• Smartphone use is ubiquitous globally, meaning that there’s a high chance the members of your team will be available via text.
  • Text communication means easily accessing members of your team while at the office or at home. If you’re looking to get messages across in a casual and efficient manner, using text messaging can be the way to go.

Cons of texting:

  • Using texting to communicate with your team can blur the lines between time at work and time at home.
  • If you have a large team, you might need a text message software specifically for professional use. Otherwise, sending messages in a large group text can result in an overwhelming amount of responses—becoming a nuisance rather than a helpful tool.
  • Some members of your team might resist the switch to text communication. Having your coworkers and supervisors communicate via text can feel like an invasion of privacy to some.

When should you replace email with texting?

The communication channel you use will typically be influenced by what you’re trying to communicate. Here are some scenarios where you might want to text your employees instead of emailing them:

  • When you have an urgent message to get across.
  • For circumstances where you need to elicit a reply, such as clicking a link or getting a response to one specific question.
  • To convey information about meeting times, locations or deadlines.
  • When you want to take a personal approach to large team communications.

However, there are also scenarios in which email is a better form of communication. Does a lot of your company communication involve outside business contacts? In this case, sticking to email allows one standard avenue for you to discuss business both internally and externally.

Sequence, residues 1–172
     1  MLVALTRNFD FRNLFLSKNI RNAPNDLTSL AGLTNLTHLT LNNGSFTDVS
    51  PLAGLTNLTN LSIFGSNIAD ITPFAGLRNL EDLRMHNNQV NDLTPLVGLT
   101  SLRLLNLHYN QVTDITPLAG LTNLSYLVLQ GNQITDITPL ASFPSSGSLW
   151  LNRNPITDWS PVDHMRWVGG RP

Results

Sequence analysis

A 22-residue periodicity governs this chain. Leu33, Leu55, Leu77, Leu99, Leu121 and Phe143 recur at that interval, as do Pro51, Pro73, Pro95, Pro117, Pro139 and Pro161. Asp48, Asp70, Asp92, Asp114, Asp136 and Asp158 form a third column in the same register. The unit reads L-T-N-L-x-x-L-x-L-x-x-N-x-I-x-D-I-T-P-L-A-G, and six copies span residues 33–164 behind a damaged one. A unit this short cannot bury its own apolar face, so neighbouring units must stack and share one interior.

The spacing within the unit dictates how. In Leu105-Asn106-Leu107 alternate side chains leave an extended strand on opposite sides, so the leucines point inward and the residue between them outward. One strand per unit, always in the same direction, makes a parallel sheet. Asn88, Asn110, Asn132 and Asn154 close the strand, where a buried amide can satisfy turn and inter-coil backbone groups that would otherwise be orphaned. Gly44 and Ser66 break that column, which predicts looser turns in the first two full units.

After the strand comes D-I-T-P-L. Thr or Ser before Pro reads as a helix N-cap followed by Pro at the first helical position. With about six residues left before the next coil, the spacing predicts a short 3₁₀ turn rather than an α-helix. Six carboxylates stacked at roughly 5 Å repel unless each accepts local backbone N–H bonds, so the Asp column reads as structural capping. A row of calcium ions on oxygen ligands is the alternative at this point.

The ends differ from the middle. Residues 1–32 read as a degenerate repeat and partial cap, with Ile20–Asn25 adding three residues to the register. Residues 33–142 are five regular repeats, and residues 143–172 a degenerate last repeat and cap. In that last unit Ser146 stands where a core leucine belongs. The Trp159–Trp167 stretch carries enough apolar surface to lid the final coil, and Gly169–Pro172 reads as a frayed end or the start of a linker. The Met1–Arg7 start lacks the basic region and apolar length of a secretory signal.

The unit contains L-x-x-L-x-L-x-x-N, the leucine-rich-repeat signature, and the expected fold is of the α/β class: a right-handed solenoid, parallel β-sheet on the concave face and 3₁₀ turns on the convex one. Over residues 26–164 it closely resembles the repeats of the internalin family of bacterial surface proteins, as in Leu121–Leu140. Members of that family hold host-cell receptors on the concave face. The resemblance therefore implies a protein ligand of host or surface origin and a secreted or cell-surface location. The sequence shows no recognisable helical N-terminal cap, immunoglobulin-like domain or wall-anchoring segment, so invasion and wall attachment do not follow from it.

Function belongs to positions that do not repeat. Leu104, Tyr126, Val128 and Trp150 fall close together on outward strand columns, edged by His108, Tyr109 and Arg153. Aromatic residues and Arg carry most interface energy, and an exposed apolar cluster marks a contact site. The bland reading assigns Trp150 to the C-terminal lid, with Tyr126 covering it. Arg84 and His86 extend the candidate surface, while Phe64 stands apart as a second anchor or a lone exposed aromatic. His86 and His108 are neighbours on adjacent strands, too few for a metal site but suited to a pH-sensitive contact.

Consider your company size and needs before deciding to switch to text communication.

Tips for professional texting

If you do decide to switch to texting, make sure you keep it as professional as possible. Here are a few tips to help keep your thread appropriate and useful.

Use formal language

Though it can be easy to revert to casual language when using text messaging, focus on keeping your language as professional as possible. In other words, avoid slang, emojis and other informal texting language to maintain a sense of professionalism when appropriate.

Outline appropriate text conduct for your employees

As you roll out your new method of communication, consider sending out a memo to employees to inform on appropriate texting conduct. If you set the tone by emphasizing professional language and communication in your company thread, you’ll give your team a positive standard of what’s acceptable from the start.

Use a professional texting service

Using an SMS service to send your texts, rather than sending them all from your phone, professionalizes the texting exchange. It also helps you provide more privacy as responses to a group text from a professional texting service don’t automatically get sent to the entire group.

Published: January 27, 2020

Trending Articles

Stay up to date with